Do We Still Need LEED?

Think about the building you are sitting in right now. Do you know what’s in it? What materials were used to build it? What’s used to maintain and keep it clean? Would you be willing to wager that it was built exactly as it was designed?

Recently there’s been a lot of discussion about how LEED has changed the building industry. In many ways, it has. In particular I see it from materials suppliers. They have had to adjust to provide materials that contribute to LEED requirements, and they’ve had to learn how to quantify the environmental characteristics of their product.

This naturally leads to the question:

If LEED has been successful in transforming the way we design and construct buildings, so we still need it? If we know how to “build green,” why do we still need a rating system and certification?

To answer those questions, I’ll tell you about a recent experience I had.

I was visiting a construction site for a project not seeking LEED certification. As I walked into the building interior, what I smelled took my breath away. The smell of paint, adhesives, and other known carcinogens was unbearable. At this point in a LEED project, several credits for volatile organic compounds (VOC) would be threatened. As LEED facilitator, I would have the ability to require the offending materials be removed from the site and replaced with LEED-compliant materials. But this was not a LEED project. I had no power to do anything other than comment about the odor from the carcinogenic materials.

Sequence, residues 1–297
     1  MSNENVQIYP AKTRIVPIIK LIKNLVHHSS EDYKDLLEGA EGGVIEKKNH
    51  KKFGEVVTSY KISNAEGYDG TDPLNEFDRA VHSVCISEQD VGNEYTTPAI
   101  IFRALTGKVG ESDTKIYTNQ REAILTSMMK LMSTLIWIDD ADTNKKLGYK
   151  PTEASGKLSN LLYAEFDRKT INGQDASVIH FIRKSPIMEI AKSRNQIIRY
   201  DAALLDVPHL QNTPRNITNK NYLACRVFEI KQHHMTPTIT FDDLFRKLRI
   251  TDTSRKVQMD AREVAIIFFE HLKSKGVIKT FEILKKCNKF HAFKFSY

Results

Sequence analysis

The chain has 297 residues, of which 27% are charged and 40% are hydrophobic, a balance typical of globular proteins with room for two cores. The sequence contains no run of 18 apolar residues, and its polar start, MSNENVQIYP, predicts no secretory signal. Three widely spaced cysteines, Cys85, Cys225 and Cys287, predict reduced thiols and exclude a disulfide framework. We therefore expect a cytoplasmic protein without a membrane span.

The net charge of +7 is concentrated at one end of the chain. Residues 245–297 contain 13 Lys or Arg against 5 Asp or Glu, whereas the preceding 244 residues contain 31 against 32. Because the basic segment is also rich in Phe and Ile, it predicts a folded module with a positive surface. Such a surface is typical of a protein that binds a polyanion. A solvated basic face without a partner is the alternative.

That’s why LEED is important. When you have someone looking over your shoulder and checking your work, you tend to do it right. That’s called third party verification, and that’s why LEED is as important as ever. As an industry, we know how to build incredibly sophisticated, high performing buildings, with or without LEED. The critical factor is that LEED holds the entire project team accountable for actually doing it right.

Contrary to popular belief, doing it right does not necessarily cost more. Some owners argue that their buildings are built to LEED standards, but don’t pay for the certification. If you truly build your building to LEED standards, then the cost of registering the project and certifying it are .05% of the budget.  So, for a new office building, the registration fees are typically less than $10,000.

And the premium for materials and equipment? Because of industry adaptation, that too is decreasing. Recent studies show that costs for designing and constructing a LEED building fall within the normal range of construction costs, meaning there is little to no premium. A summary of those studies can be found here.

At Wilmot, we’re experts in making the business case for green building. We work with owners to uncover financial incentives and benefits. We work with project teams to find the LEED points with lowest added cost. The end product is a more durable, high performing building for owners and building users. For example, Wilmot recently complete work for the Chattanooga Housing Authority where we were able to add 18 LEED points for no added cost.